Post by ritt » September 14th, 2011, 9:32 am

Very cool stuff, Bob. Do you know which issue of Herp Review it'll be in? I look forward to reading the report. Have you tried similar experiments with any other members of the prasinus complex, or other species of varanids?

By the way, if you make it to Aru (or anyplace with other species of prasinus complex varanids), good luck trying to do some observations. I've spent spent around three months in a few areas that should have V. prasinus, but have yet to so much as see one (much less try to collect one or make some behavioral / natural history observations on one). Also, in nearly 20 years of working in PNG, and months in the field in a variety of sites, my major professor has only gotten a few prasinus. Perhaps beccarii is more common (Steve Richards might be someone to ask about that, I believe he's been to the Arus), but it seems like unless you get really lucky, observations of even a single individual would be tough at best (not necessarily impossible, but very difficult).

-Eric

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Re: A clever foraging tactic in arboreal monitor lizards

Post by Retes » September 14th, 2011, 11:14 am

I have a japanese friend who has seen thousands of prasinus in nature.

He said, they are very very difficult to see/collect in natural habitat. But very very very common in disturbed habitat. Without going into details, in some areas, they were more then abundant. Cheers

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Re: A clever foraging tactic in arboreal monitor lizards

Post by Robert Mendyk » September 15th, 2011, 7:34 am

saratoga wrote:Great observations and video.

Are the 3rd and 4th fingers on that monitor longer than normal? Perhaps if they are longer it is specifically for this purpose!
While I am not sure if the long and slender limbs and digits evolved in response to this type of foraging (i.e., a potentially unused/open niche), they certainly compliment the behavior well. It could very well be possible that the long limbs and digits evolved with arboreality in the species/complex; however, it should be noted there are many other arboreal species of monitors that have short stumpy legs and digits (i.e., V. gilleni, V. similis, etc.), so long limbs/long digits are not necessarily a requirement for arboreality.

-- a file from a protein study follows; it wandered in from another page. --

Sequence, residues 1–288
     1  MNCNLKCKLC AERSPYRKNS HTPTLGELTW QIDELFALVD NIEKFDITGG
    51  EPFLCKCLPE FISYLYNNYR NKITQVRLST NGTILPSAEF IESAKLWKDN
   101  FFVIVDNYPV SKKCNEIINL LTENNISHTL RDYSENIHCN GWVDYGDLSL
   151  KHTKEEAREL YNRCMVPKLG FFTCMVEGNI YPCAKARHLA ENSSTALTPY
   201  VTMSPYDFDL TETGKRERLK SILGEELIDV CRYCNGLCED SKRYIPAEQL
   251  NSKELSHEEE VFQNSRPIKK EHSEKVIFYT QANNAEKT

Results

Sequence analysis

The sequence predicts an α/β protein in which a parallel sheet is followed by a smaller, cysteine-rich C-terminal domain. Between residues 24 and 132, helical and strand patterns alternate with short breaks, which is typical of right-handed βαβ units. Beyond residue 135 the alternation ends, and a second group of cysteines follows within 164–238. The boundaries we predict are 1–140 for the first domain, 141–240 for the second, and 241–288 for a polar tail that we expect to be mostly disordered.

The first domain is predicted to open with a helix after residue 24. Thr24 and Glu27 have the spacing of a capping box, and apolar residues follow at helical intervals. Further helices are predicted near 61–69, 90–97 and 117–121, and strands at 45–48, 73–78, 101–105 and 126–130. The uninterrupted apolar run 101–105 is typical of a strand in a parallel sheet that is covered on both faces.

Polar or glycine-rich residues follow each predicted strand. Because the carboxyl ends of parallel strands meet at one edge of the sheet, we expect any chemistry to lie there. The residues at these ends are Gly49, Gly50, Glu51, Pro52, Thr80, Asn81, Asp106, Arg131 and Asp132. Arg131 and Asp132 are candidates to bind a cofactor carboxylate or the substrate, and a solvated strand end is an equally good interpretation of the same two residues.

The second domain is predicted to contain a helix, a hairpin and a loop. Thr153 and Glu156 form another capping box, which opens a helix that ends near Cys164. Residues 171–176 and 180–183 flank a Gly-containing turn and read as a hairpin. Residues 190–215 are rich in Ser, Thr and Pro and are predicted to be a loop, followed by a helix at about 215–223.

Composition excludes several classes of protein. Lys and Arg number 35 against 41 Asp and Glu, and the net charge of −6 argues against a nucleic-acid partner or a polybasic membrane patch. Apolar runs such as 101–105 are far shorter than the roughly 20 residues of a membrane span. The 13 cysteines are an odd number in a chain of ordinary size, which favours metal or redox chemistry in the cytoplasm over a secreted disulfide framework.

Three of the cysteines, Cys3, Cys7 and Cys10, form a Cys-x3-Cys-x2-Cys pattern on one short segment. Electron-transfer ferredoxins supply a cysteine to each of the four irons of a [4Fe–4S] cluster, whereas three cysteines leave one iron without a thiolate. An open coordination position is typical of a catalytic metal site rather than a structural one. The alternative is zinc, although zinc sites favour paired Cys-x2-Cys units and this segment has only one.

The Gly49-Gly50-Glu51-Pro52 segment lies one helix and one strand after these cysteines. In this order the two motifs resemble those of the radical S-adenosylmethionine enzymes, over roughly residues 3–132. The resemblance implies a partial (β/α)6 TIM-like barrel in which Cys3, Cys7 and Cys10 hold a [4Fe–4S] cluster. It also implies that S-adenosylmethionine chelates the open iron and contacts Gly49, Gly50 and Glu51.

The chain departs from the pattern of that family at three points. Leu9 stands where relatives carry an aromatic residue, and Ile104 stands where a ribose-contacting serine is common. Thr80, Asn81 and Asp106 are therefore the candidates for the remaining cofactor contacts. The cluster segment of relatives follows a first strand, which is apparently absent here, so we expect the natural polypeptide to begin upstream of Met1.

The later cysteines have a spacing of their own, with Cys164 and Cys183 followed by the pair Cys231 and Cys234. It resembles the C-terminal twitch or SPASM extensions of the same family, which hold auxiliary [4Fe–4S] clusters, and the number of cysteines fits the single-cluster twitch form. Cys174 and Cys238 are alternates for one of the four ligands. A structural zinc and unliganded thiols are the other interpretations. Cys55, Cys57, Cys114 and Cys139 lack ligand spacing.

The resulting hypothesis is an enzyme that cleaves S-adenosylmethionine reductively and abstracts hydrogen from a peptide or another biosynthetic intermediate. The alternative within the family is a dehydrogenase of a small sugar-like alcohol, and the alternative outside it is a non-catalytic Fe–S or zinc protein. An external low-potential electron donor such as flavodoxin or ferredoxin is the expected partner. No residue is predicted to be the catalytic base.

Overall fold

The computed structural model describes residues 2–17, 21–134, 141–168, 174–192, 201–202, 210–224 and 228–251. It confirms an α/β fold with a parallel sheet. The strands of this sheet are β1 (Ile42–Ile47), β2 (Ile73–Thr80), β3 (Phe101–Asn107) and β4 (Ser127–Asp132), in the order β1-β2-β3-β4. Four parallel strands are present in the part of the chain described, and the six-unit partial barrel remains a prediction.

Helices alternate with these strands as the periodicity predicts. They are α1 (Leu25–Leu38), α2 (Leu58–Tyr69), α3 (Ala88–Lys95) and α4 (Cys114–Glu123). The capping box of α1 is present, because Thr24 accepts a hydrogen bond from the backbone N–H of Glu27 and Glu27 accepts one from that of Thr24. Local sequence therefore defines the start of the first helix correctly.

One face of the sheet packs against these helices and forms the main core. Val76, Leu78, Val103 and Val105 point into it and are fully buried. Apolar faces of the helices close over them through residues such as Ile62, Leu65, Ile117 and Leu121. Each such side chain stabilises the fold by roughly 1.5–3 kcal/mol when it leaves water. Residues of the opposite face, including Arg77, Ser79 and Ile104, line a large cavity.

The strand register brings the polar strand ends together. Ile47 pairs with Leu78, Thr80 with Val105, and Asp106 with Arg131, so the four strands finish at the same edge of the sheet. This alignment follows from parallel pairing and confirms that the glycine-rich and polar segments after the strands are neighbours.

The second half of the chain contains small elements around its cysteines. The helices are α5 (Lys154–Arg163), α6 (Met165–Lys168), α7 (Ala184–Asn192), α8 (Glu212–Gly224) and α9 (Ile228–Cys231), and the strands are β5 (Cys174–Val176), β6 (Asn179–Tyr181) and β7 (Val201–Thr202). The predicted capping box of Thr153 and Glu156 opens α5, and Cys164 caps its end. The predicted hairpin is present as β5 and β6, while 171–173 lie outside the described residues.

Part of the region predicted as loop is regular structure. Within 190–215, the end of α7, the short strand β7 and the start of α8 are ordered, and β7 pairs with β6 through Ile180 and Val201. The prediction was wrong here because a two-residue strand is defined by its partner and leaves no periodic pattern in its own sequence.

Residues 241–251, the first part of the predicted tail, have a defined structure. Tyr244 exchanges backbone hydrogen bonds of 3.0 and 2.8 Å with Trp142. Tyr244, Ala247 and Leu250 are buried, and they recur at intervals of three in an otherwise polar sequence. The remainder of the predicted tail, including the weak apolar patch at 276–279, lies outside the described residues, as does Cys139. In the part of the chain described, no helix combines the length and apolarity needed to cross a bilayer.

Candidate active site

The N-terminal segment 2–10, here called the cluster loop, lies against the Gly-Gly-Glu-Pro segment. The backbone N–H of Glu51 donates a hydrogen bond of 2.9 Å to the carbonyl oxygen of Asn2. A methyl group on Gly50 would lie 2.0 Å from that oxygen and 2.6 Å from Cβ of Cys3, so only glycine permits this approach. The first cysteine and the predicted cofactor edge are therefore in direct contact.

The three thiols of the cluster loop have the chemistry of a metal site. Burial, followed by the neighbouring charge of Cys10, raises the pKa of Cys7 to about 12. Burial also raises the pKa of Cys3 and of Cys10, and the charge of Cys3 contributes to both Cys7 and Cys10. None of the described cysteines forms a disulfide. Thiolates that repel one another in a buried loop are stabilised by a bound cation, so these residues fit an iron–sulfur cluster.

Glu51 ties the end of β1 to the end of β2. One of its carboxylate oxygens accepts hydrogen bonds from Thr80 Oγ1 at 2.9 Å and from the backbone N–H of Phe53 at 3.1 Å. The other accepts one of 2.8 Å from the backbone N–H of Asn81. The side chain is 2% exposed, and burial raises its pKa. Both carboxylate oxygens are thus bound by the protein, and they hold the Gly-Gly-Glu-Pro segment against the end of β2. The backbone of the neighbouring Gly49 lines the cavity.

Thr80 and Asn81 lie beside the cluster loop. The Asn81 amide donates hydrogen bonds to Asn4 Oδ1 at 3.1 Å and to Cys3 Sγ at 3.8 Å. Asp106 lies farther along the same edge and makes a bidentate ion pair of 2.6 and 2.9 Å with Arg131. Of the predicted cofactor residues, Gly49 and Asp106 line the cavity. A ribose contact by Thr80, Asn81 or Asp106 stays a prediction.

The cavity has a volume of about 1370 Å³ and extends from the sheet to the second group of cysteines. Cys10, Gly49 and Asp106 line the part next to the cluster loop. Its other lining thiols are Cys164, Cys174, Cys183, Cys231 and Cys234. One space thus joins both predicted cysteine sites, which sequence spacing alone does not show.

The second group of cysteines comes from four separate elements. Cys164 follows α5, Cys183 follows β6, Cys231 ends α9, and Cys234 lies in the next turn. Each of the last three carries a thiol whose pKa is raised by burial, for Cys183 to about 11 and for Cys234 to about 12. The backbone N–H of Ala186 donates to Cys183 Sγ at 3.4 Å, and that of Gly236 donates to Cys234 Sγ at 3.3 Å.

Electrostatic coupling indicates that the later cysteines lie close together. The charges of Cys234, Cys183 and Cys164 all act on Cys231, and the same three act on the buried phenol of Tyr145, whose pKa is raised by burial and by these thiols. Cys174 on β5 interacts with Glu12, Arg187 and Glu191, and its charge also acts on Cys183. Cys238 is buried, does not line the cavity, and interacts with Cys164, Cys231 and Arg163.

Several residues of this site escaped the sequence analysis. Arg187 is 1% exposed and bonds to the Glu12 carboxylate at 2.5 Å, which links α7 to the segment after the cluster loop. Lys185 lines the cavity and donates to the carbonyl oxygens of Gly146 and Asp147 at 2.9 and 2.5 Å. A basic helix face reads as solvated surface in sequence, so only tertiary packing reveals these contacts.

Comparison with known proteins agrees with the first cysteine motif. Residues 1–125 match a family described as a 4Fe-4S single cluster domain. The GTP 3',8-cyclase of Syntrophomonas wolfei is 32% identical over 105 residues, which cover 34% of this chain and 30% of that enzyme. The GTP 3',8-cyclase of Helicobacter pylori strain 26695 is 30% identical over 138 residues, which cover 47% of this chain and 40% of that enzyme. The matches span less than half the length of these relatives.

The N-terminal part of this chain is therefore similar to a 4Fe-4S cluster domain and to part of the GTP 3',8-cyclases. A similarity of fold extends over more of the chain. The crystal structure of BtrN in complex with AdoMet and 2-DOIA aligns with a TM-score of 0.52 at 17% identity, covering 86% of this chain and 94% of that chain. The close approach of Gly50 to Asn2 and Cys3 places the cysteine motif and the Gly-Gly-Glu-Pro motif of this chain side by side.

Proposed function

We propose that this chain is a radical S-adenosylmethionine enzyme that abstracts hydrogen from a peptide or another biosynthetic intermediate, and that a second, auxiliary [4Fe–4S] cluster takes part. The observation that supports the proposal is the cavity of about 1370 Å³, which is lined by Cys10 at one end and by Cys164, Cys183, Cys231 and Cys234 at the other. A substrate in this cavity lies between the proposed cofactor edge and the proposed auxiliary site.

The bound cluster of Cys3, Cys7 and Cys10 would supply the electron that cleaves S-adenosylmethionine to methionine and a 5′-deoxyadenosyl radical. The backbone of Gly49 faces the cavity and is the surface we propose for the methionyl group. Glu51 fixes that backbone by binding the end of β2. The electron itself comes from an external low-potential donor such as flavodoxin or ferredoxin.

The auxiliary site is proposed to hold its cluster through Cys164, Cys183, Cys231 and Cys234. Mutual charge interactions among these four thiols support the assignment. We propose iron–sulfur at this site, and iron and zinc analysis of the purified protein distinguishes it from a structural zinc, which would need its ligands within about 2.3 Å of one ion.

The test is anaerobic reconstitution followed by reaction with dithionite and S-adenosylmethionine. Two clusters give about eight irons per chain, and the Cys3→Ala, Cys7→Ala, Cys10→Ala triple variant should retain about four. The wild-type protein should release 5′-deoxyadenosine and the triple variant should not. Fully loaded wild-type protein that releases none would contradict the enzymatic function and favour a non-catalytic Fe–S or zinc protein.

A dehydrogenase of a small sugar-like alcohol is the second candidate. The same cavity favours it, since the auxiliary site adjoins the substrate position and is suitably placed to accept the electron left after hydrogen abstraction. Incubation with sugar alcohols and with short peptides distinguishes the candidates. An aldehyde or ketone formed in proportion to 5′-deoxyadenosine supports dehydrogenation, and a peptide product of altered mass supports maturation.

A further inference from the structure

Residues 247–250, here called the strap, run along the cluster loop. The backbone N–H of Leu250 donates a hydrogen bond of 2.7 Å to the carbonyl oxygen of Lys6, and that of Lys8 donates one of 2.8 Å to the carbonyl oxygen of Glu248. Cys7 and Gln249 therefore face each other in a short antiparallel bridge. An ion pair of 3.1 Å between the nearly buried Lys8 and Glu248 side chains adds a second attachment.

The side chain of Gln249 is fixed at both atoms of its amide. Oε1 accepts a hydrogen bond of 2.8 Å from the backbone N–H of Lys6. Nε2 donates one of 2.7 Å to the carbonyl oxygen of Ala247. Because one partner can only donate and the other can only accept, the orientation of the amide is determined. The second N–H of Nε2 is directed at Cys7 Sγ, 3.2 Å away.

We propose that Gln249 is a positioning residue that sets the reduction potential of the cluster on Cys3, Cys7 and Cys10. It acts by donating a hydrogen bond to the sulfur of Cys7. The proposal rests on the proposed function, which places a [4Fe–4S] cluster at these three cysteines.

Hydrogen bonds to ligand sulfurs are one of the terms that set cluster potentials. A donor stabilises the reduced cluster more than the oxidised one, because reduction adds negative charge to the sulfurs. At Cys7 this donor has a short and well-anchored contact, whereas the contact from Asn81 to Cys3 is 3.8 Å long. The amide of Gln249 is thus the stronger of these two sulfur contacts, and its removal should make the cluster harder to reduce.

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Re: A clever foraging tactic in arboreal monitor lizards

Post by Robert Mendyk » September 15th, 2011, 7:48 am

ritt wrote:Very cool stuff, Bob. Do you know which issue of Herp Review it'll be in? I look forward to reading the report. Have you tried similar experiments with any other members of the prasinus complex, or other species of varanids?
It appears in Vol. 42 No. 3 which should be arriving in people's mailboxes soon. I have not personally tried this with other members of the complex, but I have with Varanus similis, which does not appear to be capable of performing this behavior- although I will continue to experiment with them. I have asked many keepers- both private hobbyists and zoos to test for this behavior in additional species; I'm curious how extensive it is.
ritt wrote:By the way, if you make it to Aru (or anyplace with other species of prasinus complex varanids), good luck trying to do some observations.
I understand how difficult finding forest monitors in the wild can be, and I wouldn't set high expectations for myself if I were to visit these areas. I recently returned from a seven week long trip traveling through Thailand, Peninsular Malaysia, Sarawak, and Singapore where I did manage to encounter many V. salvator and V. bengalensis out bush, but struck out completely on V. dumerilii and V. rudicollis, even in areas where they were purported to be "very common" by locals. Regarding the prasinus complex, a few colleagues of mine have traveled to Batanta and Waigeo in search of V. macraei and V. boehmei, with limited success. They had far better luck/success when consulting locals to show them where and how they could be located. Locals don't seem to have any problem locating and capturing them, just look at the live reptile trade... I would also imagine it would be easier to spot them in Sago palm and coconut plantations rather than primary forest.